Was it possible for a diary to be too dangerous to open, a Pandora’s box? Was that why my father had told me not to read it? Wasn’t it silly to ascribe such powers to an old leather-bound book full of some teenage boy’s personal thoughts and descriptions? However, I reminded myself that there were forbidden books. Books had influence on their readers. Schools kept certain books out of their libraries, and parents forbade their children to read them. Governments forbade books. Religions forbade books they thought had been written by witches, even the devil.
Whatever had happened at the original Foxworth Hall, it still had an atmosphere of mystery and horror around it. It had been kept alive through fantastic theories printed in the local newspaper and discussed around the date of the famous first fire and always on Halloween. The diary could carry that same aura. Touch it, open the cover, read the pages, and you could be carried away in the same ugly shadows and cold wind that had carried away those children.
I had tossed and turned all night debating these thoughts and worries in my mind. Sometimes I believe we all really do have two people living inside us arguing often. One has conscience, and the other doesn’t. Everyone talks to himself or herself. They would all have to admit that. Well, who were they all talking to? Who is the himself or herself?
The following morning, one side of me seemed to have won the argument. I was determined to tell Kane to forget it. I was even working up a good story, a fabrication, something that would end his idea completely. I thought I might tell him that my father had found me reading the diary into the early hours and was so angry that he had seized it right out of my hands. He had said he was going to burn it, and I had watched him throw it into an old oilcan in our backyard. It had gone up in a puff of black smoke.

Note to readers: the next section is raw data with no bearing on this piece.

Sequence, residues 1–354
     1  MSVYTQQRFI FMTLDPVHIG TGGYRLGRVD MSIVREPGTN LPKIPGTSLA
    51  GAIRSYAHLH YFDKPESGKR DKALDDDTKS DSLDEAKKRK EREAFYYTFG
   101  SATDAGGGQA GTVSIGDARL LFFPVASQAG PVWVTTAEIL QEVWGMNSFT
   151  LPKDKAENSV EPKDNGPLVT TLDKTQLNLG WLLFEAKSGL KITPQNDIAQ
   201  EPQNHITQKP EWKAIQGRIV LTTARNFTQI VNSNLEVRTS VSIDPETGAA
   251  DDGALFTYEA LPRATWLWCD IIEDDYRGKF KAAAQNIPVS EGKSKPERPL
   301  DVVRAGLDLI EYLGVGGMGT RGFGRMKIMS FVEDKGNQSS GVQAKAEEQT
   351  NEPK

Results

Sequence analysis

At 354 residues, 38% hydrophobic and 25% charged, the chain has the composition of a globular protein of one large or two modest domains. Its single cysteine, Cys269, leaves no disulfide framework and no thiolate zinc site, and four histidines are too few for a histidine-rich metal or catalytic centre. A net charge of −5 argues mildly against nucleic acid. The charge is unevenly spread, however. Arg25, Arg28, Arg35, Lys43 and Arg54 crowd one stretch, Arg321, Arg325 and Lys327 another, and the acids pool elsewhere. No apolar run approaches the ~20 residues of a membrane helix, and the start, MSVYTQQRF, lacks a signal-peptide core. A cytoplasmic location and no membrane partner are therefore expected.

But I changed my mind the moment I set eyes on my father at breakfast and saw how happy he was with how well his work was going rebuilding a new, more modern mansion on the Foxworth property. He was getting along with Arthur Johnson, who didn’t seem as difficult apparently as other customers he had worked for. That made my father even more sweet and loving to me. I regretted even thinking of using him to deceive someone by making him sound unreasonable and angry. I couldn’t do it. However, I felt trapped because I was disobeying his wishes by permitting someone else to know about the diary. I comforted myself by telling myself in this case, he would understand and forgive me.